I suppose I should state that the following data will not be 100% the same for every heatsink application and this post is meant as for info only, if you paint your heatsink and get bad results, don't blame me - you chose to do it!


The Experiment
I tend to keep old bits of hardware when I get it, because you never know, but recently mainly because of the build of my new computer, I got rid of a load of old bits, how I regretted it! I put together a really crappy set up to test the difference in the heatsinks sprayed and not sprayed. Neither of the heatsinks were anodised just bare aluminium.



The cable management is awesome I know! Though it's hard to tell, the heatsinks have been sprayed white in this picture.


This is a 2.66GHz Celeron and an unknown motherboard. While there is a HDD and DVD in the picture it turned out the HDD did not work anymore and was the only IDE drive I could find laying around. But I wasn't about to give up so ran it without a HDD or DVD.


The System was booted from a USB stick with a live linux distro (openSUSE). lm_sensors was used to monitor the CPU temp and the temp of the chip being cooled by the passive heatsink in the picture above.


The system was left idle for 15 minutes to stabilise the temperatures, then:


For the next 10 minutes the room temperature was noted, along with the temperatures reported by lm_sensors each minute.


The fans were not speed controlled and were just on.


These are the results:


Not painted, system at idle:



Next, the system was put under load using stress http://weather.ou.edu/~apw/projects/stress/


The system was again left for 15 minutes under load, and the temperatures noted as before.

Not painted, system stressed:



Right, we now have base levels for the temperatues of the system. Next the system was taken apart and the heatsinks spray painted. The paint used was Halfords own brand Renault Glacier White (of course the contact area of the heatsinks was masked off and so not painted). Two liberal coats were applied.



The system was reassembled, and the above tests were repeated recording the data for the temperatures at idle and stressed.

Painted, system at idle:



Painted, system stressed:



Not everything went smoothly


I'm not sure if it was when removing the heatsink or when putting it back on, but a plastic clip of the fan assembly that provides the pressure to the heatsink snapped off. I say it's due to the plastic becoming brittle with age, though Peanut (I want to say an aquaintance, but will go with friend has he helped me in this experiment so much, with only a small degree of moaning) would say it was because I was too heavy handed with it. I also blame Intel on the remarkably bad design either way.


This meant that the test was compromised at this point. First I tried zip tying the assembly down, and checked the tempatures in bios, the CPU was high... very high, and nearly ended the experiment. As we had gone so far, I still wanted some data I could use. So the idle test was carried out. This showed a massive increase in the temperature of the CPU but not the other temperature. This seemed wrong as the paint should have affected them both by about the same amount. So looking at the CPU heatsink it became apparent that the zip ties were not working, so we tried putting manual pressure onto it, and this resolved the problem. However, this meant the side panel of the case had to be off to measure the painted set of results which may have increased the air flow, providing better cooling. As the pressure on the heatsink may also now be different, this too may have affected the results.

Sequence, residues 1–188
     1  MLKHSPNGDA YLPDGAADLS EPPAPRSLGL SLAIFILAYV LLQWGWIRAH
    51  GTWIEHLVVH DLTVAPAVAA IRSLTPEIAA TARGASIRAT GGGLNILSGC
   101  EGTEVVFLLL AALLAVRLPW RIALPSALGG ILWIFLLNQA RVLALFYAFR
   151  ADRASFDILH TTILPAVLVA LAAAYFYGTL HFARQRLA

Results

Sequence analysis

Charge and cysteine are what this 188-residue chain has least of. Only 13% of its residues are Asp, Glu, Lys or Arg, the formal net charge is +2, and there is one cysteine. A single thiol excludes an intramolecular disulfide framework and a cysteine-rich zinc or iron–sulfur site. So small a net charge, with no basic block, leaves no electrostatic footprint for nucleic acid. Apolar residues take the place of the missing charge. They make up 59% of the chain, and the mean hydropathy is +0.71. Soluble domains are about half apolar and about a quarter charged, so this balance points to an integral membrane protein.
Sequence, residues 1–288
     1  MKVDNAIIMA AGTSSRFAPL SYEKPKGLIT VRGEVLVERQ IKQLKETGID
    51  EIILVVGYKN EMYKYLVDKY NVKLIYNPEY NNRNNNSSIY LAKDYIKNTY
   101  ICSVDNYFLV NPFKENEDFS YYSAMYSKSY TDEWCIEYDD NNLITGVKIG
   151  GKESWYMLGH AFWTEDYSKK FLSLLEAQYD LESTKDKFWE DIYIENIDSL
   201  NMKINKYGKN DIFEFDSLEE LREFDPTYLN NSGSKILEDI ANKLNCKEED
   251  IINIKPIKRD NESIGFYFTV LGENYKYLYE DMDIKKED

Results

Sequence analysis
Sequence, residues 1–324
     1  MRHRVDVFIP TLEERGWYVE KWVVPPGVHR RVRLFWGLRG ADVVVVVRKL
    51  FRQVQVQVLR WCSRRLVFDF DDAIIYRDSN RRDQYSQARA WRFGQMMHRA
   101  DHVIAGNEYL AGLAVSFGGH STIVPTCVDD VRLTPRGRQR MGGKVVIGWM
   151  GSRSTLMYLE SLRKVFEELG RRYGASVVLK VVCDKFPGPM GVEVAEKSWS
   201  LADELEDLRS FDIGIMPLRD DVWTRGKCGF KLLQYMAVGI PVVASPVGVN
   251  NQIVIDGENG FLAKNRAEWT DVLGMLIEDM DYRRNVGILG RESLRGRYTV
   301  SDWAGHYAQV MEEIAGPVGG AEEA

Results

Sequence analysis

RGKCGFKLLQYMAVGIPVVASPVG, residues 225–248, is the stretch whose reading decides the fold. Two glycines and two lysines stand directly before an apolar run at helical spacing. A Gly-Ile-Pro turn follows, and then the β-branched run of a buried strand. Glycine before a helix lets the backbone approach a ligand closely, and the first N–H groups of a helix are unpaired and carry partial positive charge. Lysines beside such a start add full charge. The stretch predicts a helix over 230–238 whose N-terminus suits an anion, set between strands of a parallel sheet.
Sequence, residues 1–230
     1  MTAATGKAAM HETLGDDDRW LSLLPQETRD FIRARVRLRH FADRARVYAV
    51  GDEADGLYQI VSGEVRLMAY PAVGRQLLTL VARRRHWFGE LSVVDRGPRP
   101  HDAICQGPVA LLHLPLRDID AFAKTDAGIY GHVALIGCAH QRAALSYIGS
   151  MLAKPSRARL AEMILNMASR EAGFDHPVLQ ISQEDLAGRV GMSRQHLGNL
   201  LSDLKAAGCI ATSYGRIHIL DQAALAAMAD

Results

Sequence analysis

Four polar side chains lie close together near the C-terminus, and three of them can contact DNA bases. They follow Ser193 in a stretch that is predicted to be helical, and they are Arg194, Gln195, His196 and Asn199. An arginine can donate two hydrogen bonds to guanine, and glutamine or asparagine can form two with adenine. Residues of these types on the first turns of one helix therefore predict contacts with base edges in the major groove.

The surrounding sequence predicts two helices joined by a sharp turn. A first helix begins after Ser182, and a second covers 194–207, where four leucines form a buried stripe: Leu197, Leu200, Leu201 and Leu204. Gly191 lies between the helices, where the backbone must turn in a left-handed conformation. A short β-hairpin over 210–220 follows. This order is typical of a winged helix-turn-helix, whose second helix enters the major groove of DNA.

A further area that may have affected the results was the thermal compound. This occurred to us a little too late. The first set of results had the original compound on, but when painted had new paste added, probably a different brand, which may have different thermal properites. In hindsight, we should have changed the compound for the first test. That said the passive heat sink (to my suprise) didn't have any thermal paste at all, so the results for the “other” temp would not have been affected by this.


A nice graph of the results:



From this graph it would seem that a painted heatsink actually cools better than the non painted ones. Except for the other temperature under load.


I would have to speculate that the drop in temperatures was due to the above errors in the experiment, as it was expected the paint would reduce performance and not improve it. That said when all is taken into account my conclusion has to be, the paint makes very little, if any difference to the performance of the heatsinks.


If I had more old hardware I would have repeated the experiment when the clip broke, to eliminate the errors, but unfortunately I didn't


So over all I have decided based on these results, to try spray painting the heatsinks on my z77-ud5 board. I will try to get similar data when I do paint them (hopefully next few days as I have this week off work) and will post back how it went.


I hope someone finds this useful, and if any one has any comments about how this experiment could have been improved or anything about anything else, please feel free to post them, and I'll try to take them into account for the z77.


Thanks for reading and thanks to Peanut for the help!
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  #10  
Old 19-09-12, 01:15 PM
Perturabo Perturabo is offline
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Really interesting experiment. I would have expected a much more pronounced effect. It will be interesting to see the comparison on your new board also.